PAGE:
Wednesday, August 6, 2014
The Art of PIET MONDRIAN
Dear Gentle Readers,
This morning I would like to introduce you to a Dutch painter known for color blocking. PIET ( Pieter Cornelis) MONDRIAN was born on March 7, 1872 in Amersfoort, Netherlands. He was an important part of an art movement called the DeStijl Art Movement. His clean use of line and grid shape, along with the use of primary color blocks, is still modern and refreshing today.
Mondrian was one of my favorite artists in school. A Mondrian jumps out at you from among the muted oils and shadowy figures of the master painters and it had a distinct energy urban about it.
This particular Mondrian painting entitled Broadway Boogie Woogie reminded me of the video game PACMAN, and the countless hours at the video arcade trying to beat my own score. I know, some times I am such a child!
Piet Mondrian termed his art Neoplasticism, which is a white background with black grid lines and three primary colors. His peers called his work the closest thing imaginable to pictorial harmony.
He said his work was a study in the positive and negative. He claimed the positive and negative broke up the oneness of the object, that oneness was the cause of all unhappiness, and that the union of positive and negative was...wait for it, wait for it...HAPPINESS! Now, who doesn't want happiness?
It is said that his New York City Studio was spotless white, more like a laboratory than an art studio. The only color were rectangular matboards in eye-popping primary colors, and he would rearrange them from time to time to make them look more cheerful.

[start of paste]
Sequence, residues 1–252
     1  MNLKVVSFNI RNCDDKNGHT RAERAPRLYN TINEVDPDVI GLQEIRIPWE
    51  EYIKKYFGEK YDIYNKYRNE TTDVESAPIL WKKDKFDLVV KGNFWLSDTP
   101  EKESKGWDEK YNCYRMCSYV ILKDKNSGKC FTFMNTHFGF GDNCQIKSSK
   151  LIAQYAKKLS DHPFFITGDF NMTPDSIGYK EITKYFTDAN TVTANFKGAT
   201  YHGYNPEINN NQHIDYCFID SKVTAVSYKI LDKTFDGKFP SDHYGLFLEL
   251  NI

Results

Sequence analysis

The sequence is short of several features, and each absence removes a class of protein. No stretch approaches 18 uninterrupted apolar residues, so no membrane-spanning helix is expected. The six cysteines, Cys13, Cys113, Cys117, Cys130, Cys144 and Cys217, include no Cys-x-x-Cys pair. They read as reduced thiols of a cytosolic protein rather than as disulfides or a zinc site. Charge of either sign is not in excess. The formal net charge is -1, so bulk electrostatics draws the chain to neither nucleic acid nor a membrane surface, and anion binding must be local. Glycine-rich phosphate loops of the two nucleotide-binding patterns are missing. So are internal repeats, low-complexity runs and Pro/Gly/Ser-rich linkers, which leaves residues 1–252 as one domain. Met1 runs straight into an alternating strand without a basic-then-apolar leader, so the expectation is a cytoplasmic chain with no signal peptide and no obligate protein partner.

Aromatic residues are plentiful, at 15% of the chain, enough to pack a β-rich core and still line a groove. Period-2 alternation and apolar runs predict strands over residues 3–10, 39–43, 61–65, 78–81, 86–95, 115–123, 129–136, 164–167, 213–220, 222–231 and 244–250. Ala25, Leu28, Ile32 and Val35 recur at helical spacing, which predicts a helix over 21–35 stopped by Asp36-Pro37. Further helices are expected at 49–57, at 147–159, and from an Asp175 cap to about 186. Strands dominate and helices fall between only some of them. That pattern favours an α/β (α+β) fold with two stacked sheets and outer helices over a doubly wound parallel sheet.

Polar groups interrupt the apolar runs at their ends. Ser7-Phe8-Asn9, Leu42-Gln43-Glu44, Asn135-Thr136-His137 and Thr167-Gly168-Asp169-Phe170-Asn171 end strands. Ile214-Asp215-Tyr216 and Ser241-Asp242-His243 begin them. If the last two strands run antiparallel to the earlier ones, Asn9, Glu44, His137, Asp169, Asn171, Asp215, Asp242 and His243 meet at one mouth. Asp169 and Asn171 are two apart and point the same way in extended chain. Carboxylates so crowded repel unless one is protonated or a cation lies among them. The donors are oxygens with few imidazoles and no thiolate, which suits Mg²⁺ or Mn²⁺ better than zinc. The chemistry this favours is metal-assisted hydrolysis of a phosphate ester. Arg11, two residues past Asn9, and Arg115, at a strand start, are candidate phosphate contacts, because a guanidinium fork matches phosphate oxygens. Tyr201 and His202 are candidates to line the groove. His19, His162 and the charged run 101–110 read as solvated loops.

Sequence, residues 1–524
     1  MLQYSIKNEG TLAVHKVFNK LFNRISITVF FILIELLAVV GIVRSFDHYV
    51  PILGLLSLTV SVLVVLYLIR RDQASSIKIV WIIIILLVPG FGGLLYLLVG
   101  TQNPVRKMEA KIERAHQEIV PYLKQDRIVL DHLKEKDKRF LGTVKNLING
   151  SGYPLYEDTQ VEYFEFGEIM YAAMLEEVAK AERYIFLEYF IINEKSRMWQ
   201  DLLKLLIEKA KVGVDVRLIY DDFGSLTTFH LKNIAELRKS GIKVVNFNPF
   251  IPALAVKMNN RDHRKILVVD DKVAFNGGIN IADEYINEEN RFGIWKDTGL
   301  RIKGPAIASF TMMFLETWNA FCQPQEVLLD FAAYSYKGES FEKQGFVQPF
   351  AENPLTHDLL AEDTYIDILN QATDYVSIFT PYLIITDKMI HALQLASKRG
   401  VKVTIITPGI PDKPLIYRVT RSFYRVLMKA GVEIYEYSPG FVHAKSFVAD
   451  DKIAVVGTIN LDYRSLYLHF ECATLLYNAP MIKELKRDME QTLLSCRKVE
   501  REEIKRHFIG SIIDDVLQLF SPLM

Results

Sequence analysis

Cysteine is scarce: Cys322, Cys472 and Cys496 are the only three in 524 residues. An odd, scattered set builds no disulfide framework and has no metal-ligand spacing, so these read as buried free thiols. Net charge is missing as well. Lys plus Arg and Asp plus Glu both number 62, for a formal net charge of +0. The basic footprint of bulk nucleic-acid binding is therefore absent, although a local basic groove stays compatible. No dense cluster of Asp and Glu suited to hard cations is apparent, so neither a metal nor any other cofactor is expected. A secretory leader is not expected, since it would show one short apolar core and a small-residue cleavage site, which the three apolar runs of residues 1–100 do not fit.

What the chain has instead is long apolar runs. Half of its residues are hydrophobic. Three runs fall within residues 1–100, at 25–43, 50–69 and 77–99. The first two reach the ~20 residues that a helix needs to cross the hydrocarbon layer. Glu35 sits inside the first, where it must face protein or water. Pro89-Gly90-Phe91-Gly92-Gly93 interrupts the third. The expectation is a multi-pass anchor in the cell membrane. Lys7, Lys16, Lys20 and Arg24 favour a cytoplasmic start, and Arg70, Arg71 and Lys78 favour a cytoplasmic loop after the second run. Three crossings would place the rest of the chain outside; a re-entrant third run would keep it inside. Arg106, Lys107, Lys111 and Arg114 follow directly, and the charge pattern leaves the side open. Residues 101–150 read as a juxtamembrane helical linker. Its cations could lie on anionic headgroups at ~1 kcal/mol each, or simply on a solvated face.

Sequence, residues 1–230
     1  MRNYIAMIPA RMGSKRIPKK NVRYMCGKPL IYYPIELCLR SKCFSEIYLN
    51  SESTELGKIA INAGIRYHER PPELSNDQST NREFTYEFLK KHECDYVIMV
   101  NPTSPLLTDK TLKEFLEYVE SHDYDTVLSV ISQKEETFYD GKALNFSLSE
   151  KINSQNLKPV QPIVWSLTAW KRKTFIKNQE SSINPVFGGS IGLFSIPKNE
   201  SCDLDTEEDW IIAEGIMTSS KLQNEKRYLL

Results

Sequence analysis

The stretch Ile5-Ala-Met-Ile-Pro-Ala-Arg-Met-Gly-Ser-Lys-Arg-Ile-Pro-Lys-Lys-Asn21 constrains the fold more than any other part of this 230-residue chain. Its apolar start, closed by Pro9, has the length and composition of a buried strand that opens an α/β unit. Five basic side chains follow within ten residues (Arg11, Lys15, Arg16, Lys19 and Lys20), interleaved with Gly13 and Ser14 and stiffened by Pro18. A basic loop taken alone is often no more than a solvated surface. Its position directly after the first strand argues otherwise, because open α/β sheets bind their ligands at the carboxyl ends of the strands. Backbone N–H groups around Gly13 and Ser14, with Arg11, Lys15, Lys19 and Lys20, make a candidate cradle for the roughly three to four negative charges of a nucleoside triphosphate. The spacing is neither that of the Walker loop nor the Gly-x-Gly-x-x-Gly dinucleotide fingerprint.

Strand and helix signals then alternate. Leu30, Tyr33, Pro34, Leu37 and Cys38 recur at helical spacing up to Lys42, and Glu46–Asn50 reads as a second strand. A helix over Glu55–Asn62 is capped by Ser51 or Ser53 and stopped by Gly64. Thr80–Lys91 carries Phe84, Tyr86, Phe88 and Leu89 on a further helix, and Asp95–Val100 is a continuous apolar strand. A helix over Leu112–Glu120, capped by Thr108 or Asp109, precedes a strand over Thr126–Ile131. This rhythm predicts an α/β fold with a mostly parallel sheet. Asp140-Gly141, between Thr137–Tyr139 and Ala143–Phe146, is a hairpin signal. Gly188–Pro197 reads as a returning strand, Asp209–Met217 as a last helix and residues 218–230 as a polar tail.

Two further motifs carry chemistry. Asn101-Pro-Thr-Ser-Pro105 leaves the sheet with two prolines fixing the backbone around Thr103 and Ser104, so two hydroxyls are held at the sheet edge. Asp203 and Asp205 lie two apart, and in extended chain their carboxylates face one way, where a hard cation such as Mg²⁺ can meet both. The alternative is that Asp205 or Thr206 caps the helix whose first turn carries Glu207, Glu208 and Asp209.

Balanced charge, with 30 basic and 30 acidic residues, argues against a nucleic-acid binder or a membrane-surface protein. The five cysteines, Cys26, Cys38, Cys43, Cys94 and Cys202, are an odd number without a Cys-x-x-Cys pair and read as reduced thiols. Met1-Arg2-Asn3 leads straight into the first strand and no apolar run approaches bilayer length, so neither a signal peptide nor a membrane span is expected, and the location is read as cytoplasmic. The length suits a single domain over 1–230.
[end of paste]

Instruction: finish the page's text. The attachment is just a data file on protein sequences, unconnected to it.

Piet Mondrian looked more like a school teacher than am artist. He died in New York City on February1, 1944, but his influence has been felt for centuries afterward.
Famous Piet Mondrian Quotes:
"The emotion of beauty is always obscured by the appearance of the object. Therefore, the object must be eliminated from the picture."
"To approach the spiritual in art, one will make as little use as possible of reality, because reality is opposed to the spiritual."
"I don't want pictures, I want to find things out."
Using Mondrian examples in there classroom helped those students who felt they had little art talent to be able to create beautiful works of art that they were proud of, as well as giving them some confidence in their own abilities.
Mondrian by Jose Maria Faerna
Piet Mondrian: 1872-194; Structures in pace by Susanne Deicher
Mondrian by Hans L.C. Jaffe
Mondrian by John Milner
Mondrian, The Path to Abstraction by Hans Janssen
Resources for this articles:
Piet Mondrian. wikipedia
Mondrian Trust, The Official Site.